10
$\begingroup$

This extends this post.

I. For $\pi^3$:

$$\pi^6-31^2 =\sum_{k=0}^\infty\left(-\frac{63}{(2k+2)^6}+\frac{31^2}{(2k+3)^6}\right) =\sum_{k=0}^\infty P_1(k)\tag1$$

As pointed out by J. Lafont, when $P_1(k)$ is expanded out, its coefficients are all positive. Thus so is the $\text{LHS}$, implying $\pi^3>31$.

II. For $\pi^4$:

The convergents of $\pi^4$ are,

$$97,\, \frac{195}{2},\, \frac{487}{5},\, \frac{1656}{17},\, \frac{2143}{22},\dots$$

The last one, being the particularly close approximation $22\pi^4 \approx 2143.0000027$, was mentioned by Ramanujan. (See also this post.) Using,

$$\frac{\pi^8}{9450}=\sum_{k=0}^\infty \frac{1}{(k+1)^8}$$

$$\frac{17\pi^8}{161280}=\sum_{k=0}^\infty \frac{1}{(2k+1)^8}$$

and the same method to find $(1)$, we get,

$$\pi^8-\Big(\frac{487}{5}\Big)^2 =\sum_{k=0}^\infty\left(\frac{381}{5(2k+2)^8}+\frac{r_1^2}{(2k+3)^8}\right)=\sum_{k=0}^\infty P_2(k)\tag2$$

$$\pi^8-\Big(\frac{2143}{22}\Big)^2 =\sum_{k=0}^\infty\left(-\frac{181695}{11^2(2k+2)^8}+\frac{r_2^2}{(2k+3)^8}\right)=\sum_{k=0}^\infty Q_1(k)\tag3$$

$$\pi^8-\Big(\frac{2143}{22}\Big)^2 =\sum_{k=0}^\infty\left(\frac{r_2^2}{(k+2)^8}-\frac{70208}{1815(2k+1)^8} \right)=\sum_{k=0}^\infty Q_2(k)\tag4$$

where $r_1 =\frac{487}{5},\,$ $r_2 =\frac{2143}{22}$. The coefficients of $P_2(k)$ are all positive, so $5\pi^4>487$.

However, when the $Q_i(k)$ are expanded out, the constant term for both is negative, so we cannot make an analogous conclusion. (In fact, it takes several terms before the sum turns positive.)

Q: Can one find a similar series for $\pi^8-\Big(\frac{2143}{22}\Big)^2 = \sum_{k=0}^\infty R(k)$ such that all coefficients are positive and immediately implying $22\pi^4>2143$?

$\endgroup$
10
  • $\begingroup$ Like the phrase "extends this post" first time seen this, nice $\endgroup$
    – jimjim
    Feb 11, 2016 at 0:41
  • $\begingroup$ @AkivaWeinberger:Oops, thanks. $\endgroup$ Feb 11, 2016 at 1:53
  • 1
    $\begingroup$ If nothing comes out for $\pi^4-\frac{2143}{22}$ from$\pi^8$, how about $\pi^{12}$? $\endgroup$ Feb 11, 2016 at 17:04
  • 1
    $\begingroup$ Another solution might come from adding a suitable zero relation, similarly to changing Gregory-Leibniz series for $\frac{\pi}{4}$ into Lehmer's for $\frac{\pi}{3}$, which proves $\pi>3$ with one term. math.stackexchange.com/questions/14113/… $\endgroup$ Feb 11, 2016 at 17:13
  • 1
    $\begingroup$ @JaumeOliverLafont: You're right, $\pi^{12}$ can be used to prove $\pi^4 >\frac{2143}{22}$. Thanks. :) $\endgroup$ Feb 11, 2016 at 23:32

2 Answers 2

4
$\begingroup$

Thanks to a clever suggestion by J. Lafont, there is a series that can prove $\displaystyle\pi^4>\frac{2143}{22}$. However, it does not use $\pi^8$ but $\pi^{12}$. We start with,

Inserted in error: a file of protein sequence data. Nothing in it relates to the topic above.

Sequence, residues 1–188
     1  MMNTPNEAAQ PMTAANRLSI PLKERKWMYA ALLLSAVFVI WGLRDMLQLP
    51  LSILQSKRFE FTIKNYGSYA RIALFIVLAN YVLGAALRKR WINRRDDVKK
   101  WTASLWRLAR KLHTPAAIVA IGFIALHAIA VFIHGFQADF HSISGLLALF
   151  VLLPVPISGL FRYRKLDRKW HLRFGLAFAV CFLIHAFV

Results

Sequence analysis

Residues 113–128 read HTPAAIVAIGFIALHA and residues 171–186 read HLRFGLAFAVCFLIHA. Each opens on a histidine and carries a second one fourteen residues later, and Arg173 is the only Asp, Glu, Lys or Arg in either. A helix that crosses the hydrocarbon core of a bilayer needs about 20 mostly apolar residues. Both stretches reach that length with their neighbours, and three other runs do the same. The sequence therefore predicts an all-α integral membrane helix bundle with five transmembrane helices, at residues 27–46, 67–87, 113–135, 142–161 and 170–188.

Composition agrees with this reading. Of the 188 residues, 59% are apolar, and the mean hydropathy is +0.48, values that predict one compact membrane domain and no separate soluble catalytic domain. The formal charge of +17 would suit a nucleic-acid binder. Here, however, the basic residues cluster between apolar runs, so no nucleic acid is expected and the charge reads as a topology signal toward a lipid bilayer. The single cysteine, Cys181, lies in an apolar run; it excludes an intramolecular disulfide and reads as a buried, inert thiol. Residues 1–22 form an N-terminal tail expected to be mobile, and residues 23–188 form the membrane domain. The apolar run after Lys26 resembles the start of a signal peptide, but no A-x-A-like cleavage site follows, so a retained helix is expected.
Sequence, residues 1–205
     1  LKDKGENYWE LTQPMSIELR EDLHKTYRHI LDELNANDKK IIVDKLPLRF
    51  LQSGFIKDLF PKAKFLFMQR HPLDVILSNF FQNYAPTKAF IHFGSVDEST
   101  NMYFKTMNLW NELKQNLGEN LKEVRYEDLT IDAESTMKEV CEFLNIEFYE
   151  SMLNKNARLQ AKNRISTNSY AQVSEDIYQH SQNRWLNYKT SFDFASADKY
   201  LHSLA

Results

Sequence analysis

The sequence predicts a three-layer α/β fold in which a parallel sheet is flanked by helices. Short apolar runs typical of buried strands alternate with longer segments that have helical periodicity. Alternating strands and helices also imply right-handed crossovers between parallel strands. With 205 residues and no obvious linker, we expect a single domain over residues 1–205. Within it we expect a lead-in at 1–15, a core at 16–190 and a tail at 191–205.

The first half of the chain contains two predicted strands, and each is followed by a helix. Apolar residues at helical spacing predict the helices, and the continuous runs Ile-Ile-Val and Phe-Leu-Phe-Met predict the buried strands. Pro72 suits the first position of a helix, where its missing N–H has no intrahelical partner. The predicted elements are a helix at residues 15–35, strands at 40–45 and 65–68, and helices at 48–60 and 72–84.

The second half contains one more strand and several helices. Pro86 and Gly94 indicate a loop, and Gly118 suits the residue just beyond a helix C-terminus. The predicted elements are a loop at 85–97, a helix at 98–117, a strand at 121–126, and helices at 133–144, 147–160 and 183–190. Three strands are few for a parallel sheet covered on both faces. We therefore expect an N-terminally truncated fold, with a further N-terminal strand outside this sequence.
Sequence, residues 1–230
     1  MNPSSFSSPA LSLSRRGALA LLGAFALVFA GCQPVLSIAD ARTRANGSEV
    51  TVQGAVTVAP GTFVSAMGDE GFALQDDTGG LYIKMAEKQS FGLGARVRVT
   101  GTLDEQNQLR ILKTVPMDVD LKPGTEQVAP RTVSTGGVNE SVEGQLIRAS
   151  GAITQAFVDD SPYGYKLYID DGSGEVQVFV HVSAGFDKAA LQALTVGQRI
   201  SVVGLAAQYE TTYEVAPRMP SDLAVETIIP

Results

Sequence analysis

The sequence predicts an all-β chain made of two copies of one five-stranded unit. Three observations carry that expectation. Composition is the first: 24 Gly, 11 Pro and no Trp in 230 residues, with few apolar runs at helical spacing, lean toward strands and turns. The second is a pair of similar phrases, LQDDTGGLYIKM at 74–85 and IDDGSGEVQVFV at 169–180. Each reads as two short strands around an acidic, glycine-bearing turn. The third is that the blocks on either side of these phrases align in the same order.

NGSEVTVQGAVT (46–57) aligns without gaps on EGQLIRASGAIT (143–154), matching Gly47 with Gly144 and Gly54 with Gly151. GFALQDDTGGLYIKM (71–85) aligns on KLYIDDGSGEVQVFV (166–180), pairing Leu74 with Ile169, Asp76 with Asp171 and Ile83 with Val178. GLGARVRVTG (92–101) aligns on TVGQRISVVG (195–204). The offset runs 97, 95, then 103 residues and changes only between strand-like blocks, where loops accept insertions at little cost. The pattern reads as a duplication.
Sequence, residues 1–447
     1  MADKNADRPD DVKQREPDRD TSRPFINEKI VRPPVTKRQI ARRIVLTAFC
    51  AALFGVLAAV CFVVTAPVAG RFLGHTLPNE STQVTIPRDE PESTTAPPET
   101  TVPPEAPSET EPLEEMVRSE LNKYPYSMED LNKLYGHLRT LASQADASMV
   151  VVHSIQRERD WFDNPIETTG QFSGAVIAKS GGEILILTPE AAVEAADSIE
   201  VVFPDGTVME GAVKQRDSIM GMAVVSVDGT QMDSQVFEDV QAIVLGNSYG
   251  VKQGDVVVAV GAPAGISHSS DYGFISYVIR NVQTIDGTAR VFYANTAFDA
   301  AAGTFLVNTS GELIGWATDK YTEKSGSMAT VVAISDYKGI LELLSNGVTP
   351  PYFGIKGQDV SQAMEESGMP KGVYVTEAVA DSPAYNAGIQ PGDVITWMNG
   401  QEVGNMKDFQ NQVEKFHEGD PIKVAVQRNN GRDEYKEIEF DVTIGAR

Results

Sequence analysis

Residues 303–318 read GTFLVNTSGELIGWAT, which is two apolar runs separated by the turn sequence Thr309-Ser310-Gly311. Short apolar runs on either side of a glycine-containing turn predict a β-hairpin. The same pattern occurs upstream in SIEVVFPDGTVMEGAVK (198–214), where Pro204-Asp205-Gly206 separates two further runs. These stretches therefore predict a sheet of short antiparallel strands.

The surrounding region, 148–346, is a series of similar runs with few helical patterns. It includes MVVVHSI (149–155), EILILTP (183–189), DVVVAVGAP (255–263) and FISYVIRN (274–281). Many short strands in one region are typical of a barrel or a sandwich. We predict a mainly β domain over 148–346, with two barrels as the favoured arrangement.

$$\frac{691\pi^{12}}{638512875} = \sum_{k=0}^\infty \frac{1}{(k+1)^{12}}$$

$$\frac{691\pi^{12}}{638668800}-1 = \sum_{k=0}^\infty \frac{1}{(2k+3)^{12}}$$

Multiply them with unknowns $a,b,$ then add the two,

$$\frac{691}{420}\frac{(4096a+4095b)\pi^{12}}{13!}-b = \sum_{k=0}^\infty \left(\frac{a}{(k+1)^{12}}+\frac{b}{(2k+3)^{12}}\right)$$

Let $b=\big(\frac{2143}{22}\big)^3$, and choose $a$ such that $\pi^{12}$ has a unit coefficient. We then get,

$$\begin{aligned}\pi^{12}-\Big(\frac{2143}{22}\Big)^3 &=\sum_{k=0}^\infty\left( -\frac{52410418515}{691\cdot10648\cdot(2k+2)^{12}} +\Big(\frac{2143}{22}\Big)^3\frac{1}{(2k+3)^{12}}\right)\\ &=\sum_{k=0}^\infty R(k) \end{aligned}$$

When expanded out, the coefficients of $R(k)$ are all positive. Thus, the $\text{LHS}$ must be positive. Since it is a difference of two cubes $p^3-q^3 = (p-q)(p^2+pq+q^2)$, then that implies $\displaystyle\pi^4>\frac{2143}{22}.$

$\endgroup$
2
  • $\begingroup$ I revised the series for $\pi^6-961$, so now there is a version with positive coefficients that does not need any further expansion. Would you like to try that improved method on $\pi^{12}-\left(\frac{2143}{22}\right)^3$? Here it is: math.stackexchange.com/a/1651175/134791 $\endgroup$ Feb 15, 2016 at 18:14
  • $\begingroup$ @JaumeOliverLafont: I saw the edited version. Ah, quite nice. $\endgroup$ Feb 15, 2016 at 18:28
3
$\begingroup$

From the accelerated series $$\zeta(4)=\frac{\pi^4}{90}=\frac{36}{17}\sum_{n=1}^{\infty } \frac{1}{n^{4}\dbinom{2n}{n}}$$ (Convergence acceleration technique for $\zeta(4)$ (or for $\eta(4)$) via creative telescoping?)

we have the direct sum

$$\pi^4 -\frac{2143}{22}= \frac{5}{52898832} \sum_{n=10}^\infty \left( \frac{1998926767}{n^4\dbinom{2n}{n}}+\frac{17452241}{(n+1)^4\dbinom{2(n+1)}{n+1}}\right)$$

The denominator in the coefficient fraction factors into small primes: $$52898832=(2·3·7)^4·17$$

This series may be related to these.

$\endgroup$

You must log in to answer this question.

Not the answer you're looking for? Browse other questions tagged .